I like to include verse 18 as a reminder, since these words are not always used to encourage. Numerous scholars have reached the same conclusion that N.T. Wright does about this passage (including J.D. Crossan who might not agree with the good Bishop on a lot of other things).

Paul conjures up images of an emperor visiting a colony or province. The citizens go out to meet him in open country and then escort him into the city. Paul’s image of the people “meeting the Lord in the air” should be read with the assumption that the people will immediately turn around and lead the Lord back to the newly remade world. (Farewell to the Rapture)

So, the idea in the main passage used to justify the idea of a “rapture” is actually that when Jesus returns we will go out to meet him in the air to escort him to earth where “we will be with the Lord forever”. This is in fact the exact opposite of the kind of escapism that keeps me awake at night. This means that heaven and earth are in fact two sides of the same coin. There is certainly a need for transformation, as I hope I’ve made clear. I do believe that there is a brokenness that pervades our relationships with each other, the earth and the powers and authorities. We are desparately in need of redemption and reconciliation. We wait eagerly for the new heaven and new earth where things are “put to rights”. The catch here is that this will not be some other realm or dimension (much less a physical location in the sky), but it seems to me will be located in the same place we’re living now. Praise God it won’t look the way it does now.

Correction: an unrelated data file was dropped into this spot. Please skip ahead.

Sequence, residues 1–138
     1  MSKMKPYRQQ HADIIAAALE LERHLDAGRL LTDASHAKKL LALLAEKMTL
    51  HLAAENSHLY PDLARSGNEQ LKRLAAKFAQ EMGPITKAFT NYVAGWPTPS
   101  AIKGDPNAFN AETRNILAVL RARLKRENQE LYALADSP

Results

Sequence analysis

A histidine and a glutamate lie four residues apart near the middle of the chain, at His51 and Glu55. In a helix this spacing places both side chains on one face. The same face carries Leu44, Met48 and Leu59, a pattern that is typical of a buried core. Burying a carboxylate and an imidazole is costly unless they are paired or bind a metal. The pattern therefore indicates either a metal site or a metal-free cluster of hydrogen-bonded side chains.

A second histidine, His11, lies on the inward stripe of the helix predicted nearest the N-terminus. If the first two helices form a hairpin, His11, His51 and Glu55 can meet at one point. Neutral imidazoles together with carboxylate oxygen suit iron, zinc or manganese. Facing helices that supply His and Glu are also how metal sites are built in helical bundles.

Durer_Revelation_Four_Riders.jpgThere are also other passages that have been used to bolster this “rapture” idea. N.T. Wright has this to say about them,

It is Paul who should be credited with creating this scenario. Jesus himself, as I have argued in various books, never predicted such an event[2]. The gospel passages about “the Son of Man coming on the clouds” (Mark 13:26, 14:62, for example) are about Jesus’ vindication, his “coming” to heaven from earth. The parables about a returning king or master (for example, Luke 19:11-27) were originally about God returning to Jerusalem, not about Jesus returning to earth. This, Jesus seemed to believe, was an event within space-time history, not one that would end it forever. (Apocalypse Now?)

The last sentence about it occurring within “space-time history” is important. It is not that this can be somehow proven, but that this is what the Jesus and the Bible seem to say. Strangely this is a radical shift in our popular imagination about what heaven, and particularly the Second Coming, might mean. N.T. Wright gives a pretty good summary of what he thinks it might mean.

The New Testament, building on ancient biblical prophecy, envisages that the creator God will remake heaven and earth entirely, affirming the goodness of the old Creation but overcoming its mortality and corruptibility (e.g., Romans 8:18-27; Revelation 21:1; Isaiah 65:17, 66:22). When that happens, Jesus will appear within the resulting new world (e.g., Colossians 3:4; 1 John 3:2). (Farewell to the Rapture)

Still there is so much left unsaid. We don’t know precisely what shape this will take, but it clearly challenges predominant ways of thinking about the Second Coming and the nature of heaven. After considering what the Bible has to say about the earth, heaven and their relationship, I would like to draw some conclusions (if you haven’t made yours already) in a final post.

Orthodox icon of the Apocalypse from Wikipedia. Comic of the rapture from Woodcutting of The Horsemen of the Apocalypse by Albrecht Dürer from Wikipedia.